This study summary is an excerpt from the book 2 Minute Medicine’s The Classics in Medicine: Summaries of the Landmark Trials
1. In patients with solitary pure ground glass nodules (GGN) > 5 mm incidentally detected by computed tomography (CT), initial follow-up is recommended at 3 months, followed by annual CT surveillance. Nodules ≤ 5 mm do not require follow-up.
2. In patients with incidentally detected multiple pure GGNs ≤ 5 mm, follow-up CT scans at 2 and 4 years are recommended.
3. In patients with several pure GGNs > 5 mm accidentally detected without a dominant lesion, a 3-month follow-up with annual CT monitoring is recommended.
4. Solitary semi-solid or multiple nodules with a dominant lesion require prolonged follow-up.
Original publication date: January 2013
Summary of the study:
The original Fleischner Society guidelines for lung nodules published in 2005 provided guidance for follow-up of solitary lung nodules discovered incidentally on CT scan. However, they did not provide specific considerations for a special subset of subsolids or GGNs, nor the presence of multiple nodules. A previous study by Henschke et al. demonstrated that subsolid nodules have an increased risk of malignancy compared to pure solid nodules. The purpose of this landmark Fleischner Society guideline was to provide recommendations for the imaging follow-up of this unique subset of nodules. The position statement provided six recommendations for the management of subsolid lung nodules found on CT, detailed in the diagram on the following page. Three are related to solitary subsolid nodules. Specifically, the statement recommends no follow-up for solitary subsolid nodules less than 5 mm. For subsolid nodules greater than 5 mm or for any solitary nodule with both subsolid and solid components, more frequent CT imaging follow-up is required from 3 months, followed by annual CT surveillance for three years. The remaining three recommendations relate to multiple subsolid nodules. For patients with multiple subsolid nodules less than 5 mm in size, CT follow-up is only recommended at 2 and 4 years. Patients with multiple nodules as well as a dominant lesion (>5 mm) require more frequent follow-up starting at 3 months followed by annual CT monitoring for three years. Finally, in patients presenting with a dominant lesion containing both subsolid and solid components, an increased frequency of follow-up is recommended from 3 months, with the recommendation of a surgical biopsy or a resection if the lesion persists and above all if it has a solid component > 5 mm. In addition to the six recommendations, the position statement emphasizes the importance of using contiguous thin sections (i.e. 1 mm slices) with mediastinal and pulmonary windows to determine the presence of a component non-solid lung nodules. Additionally, the position statement clarified the use of positional emission tomography (PET) in this subgroup as being useful only in the evaluation of nodules with solid and non-solid components larger than 10 mm. of size. The recommendations are strengthened by ranking each specific recommendation according to the quality of the evidence. The updated Fleischner Society guidelines provide expert opinion based on currently available evidence and have been widely adopted as the blueprint for recommending follow-up imaging for the management of subsolid pulmonary nodules.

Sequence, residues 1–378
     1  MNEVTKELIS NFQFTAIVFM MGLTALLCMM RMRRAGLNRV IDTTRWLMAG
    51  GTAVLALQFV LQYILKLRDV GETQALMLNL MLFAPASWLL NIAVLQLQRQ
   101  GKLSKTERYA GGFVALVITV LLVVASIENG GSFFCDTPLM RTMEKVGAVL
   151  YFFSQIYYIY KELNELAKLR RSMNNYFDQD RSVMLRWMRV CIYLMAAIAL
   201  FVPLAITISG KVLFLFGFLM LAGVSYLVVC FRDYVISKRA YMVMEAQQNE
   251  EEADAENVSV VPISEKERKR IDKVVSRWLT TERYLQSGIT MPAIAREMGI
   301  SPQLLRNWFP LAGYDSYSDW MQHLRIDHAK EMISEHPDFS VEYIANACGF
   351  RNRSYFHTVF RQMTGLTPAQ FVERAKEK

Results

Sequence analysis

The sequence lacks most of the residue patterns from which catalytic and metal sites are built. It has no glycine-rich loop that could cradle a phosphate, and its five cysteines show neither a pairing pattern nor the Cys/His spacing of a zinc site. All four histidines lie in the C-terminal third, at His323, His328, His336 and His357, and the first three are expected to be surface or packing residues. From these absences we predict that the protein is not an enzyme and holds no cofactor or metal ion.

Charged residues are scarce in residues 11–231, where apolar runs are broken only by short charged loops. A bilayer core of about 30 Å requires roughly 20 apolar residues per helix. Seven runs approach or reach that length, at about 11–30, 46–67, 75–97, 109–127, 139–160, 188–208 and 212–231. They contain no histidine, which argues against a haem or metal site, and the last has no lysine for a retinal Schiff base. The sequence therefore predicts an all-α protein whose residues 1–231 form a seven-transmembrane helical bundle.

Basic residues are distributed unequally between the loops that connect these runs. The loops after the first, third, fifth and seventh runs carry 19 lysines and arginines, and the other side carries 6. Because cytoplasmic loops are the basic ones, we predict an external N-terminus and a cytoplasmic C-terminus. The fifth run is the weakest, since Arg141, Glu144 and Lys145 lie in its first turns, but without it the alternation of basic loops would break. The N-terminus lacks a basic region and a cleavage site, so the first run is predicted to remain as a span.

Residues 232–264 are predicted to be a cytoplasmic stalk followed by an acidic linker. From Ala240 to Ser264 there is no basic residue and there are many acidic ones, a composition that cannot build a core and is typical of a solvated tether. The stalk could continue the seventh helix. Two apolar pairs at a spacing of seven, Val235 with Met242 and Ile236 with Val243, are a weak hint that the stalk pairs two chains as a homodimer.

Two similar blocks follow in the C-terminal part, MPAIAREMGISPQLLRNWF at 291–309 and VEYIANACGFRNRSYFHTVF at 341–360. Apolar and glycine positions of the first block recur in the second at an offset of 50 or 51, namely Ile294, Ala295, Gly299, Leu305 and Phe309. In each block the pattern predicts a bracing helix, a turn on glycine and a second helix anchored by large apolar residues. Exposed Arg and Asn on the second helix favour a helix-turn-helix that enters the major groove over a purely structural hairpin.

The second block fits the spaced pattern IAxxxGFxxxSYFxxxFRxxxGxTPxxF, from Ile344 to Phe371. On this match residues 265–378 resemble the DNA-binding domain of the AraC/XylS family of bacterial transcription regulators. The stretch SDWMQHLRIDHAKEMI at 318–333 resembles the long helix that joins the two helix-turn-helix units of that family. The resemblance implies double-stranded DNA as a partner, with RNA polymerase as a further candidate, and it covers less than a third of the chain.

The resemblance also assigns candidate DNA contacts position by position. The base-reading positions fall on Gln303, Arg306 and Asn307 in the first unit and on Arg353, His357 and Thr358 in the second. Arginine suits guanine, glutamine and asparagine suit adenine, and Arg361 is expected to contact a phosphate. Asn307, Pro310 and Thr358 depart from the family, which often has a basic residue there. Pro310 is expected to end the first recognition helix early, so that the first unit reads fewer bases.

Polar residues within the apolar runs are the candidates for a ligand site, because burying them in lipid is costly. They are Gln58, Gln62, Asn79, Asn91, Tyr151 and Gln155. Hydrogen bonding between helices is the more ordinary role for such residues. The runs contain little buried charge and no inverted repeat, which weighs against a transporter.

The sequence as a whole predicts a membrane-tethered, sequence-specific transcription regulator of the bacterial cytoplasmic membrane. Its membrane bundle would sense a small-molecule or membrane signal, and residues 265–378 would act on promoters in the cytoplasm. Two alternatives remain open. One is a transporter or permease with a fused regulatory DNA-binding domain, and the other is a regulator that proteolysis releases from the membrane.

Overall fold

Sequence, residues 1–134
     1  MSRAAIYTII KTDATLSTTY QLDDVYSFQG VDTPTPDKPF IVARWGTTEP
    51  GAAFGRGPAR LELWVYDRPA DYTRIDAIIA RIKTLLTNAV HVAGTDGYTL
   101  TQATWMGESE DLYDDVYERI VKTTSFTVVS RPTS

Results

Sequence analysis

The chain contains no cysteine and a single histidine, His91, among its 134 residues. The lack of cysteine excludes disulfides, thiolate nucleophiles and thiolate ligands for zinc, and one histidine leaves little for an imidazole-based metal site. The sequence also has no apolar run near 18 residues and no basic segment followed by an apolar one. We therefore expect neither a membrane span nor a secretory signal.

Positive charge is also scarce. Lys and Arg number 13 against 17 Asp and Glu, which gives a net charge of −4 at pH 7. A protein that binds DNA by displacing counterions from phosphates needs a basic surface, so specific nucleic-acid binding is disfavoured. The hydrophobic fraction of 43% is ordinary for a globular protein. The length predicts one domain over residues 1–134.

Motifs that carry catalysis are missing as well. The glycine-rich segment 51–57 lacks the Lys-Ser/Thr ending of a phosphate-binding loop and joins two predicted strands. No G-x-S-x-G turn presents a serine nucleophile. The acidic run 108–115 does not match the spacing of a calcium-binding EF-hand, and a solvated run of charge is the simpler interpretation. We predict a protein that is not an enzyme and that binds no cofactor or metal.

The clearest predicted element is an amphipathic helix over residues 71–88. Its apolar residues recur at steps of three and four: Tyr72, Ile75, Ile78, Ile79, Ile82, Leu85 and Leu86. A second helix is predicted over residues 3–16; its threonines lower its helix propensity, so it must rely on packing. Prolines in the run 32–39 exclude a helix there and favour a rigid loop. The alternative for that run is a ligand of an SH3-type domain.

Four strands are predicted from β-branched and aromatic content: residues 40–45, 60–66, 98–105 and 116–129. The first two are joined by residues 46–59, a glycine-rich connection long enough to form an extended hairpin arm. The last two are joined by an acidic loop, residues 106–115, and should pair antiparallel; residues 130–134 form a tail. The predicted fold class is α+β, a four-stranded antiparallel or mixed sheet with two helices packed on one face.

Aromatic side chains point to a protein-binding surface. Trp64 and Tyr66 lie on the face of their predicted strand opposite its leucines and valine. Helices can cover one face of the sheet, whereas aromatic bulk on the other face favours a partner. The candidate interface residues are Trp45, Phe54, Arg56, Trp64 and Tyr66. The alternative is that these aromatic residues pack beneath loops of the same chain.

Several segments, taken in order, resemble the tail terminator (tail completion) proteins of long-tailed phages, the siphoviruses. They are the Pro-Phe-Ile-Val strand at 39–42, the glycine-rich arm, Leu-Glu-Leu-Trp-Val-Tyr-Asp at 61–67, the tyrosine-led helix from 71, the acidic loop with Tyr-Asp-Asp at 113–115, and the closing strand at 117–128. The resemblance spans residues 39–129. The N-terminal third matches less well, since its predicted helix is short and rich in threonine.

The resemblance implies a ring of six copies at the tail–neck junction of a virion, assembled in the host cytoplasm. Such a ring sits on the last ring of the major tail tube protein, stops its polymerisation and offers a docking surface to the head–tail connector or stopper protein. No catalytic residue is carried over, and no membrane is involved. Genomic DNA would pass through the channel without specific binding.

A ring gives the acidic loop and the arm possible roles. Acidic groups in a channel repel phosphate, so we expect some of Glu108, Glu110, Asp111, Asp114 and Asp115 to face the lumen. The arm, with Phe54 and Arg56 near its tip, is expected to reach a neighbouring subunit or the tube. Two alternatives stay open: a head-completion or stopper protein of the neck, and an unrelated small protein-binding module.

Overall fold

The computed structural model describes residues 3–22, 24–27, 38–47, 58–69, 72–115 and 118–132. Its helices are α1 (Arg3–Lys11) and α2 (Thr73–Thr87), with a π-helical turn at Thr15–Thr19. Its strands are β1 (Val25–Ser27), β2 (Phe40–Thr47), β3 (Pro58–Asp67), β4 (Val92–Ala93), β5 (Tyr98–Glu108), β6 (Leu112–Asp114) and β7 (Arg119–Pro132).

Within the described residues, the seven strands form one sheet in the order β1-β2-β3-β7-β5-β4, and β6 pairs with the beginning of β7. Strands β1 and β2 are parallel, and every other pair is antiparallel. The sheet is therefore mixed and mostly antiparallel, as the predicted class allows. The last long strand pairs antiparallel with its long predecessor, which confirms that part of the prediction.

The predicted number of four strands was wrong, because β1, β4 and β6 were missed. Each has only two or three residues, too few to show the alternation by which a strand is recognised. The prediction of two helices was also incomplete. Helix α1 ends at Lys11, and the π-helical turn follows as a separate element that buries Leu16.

Click to read the study in Radiology
Naidich DP, Bankier AA, MacMahon H, Schaefer-Prokop CM, Pistolesi M, Goo JM, et al. Recommendations for the management of subsolid pulmonary nodules detected on CT scan: A statement from the Fleischner Society. Radiology. 2013 Jan 1;266(1):304–17.
Henschke CI, Yankelevitz DF, Mirtcheva R, McGuinness G, McCauley D, Miettinen OS. CT Lung cancer screening. Am J Roentgenol. 2002 May 1;178(5):1053–7.
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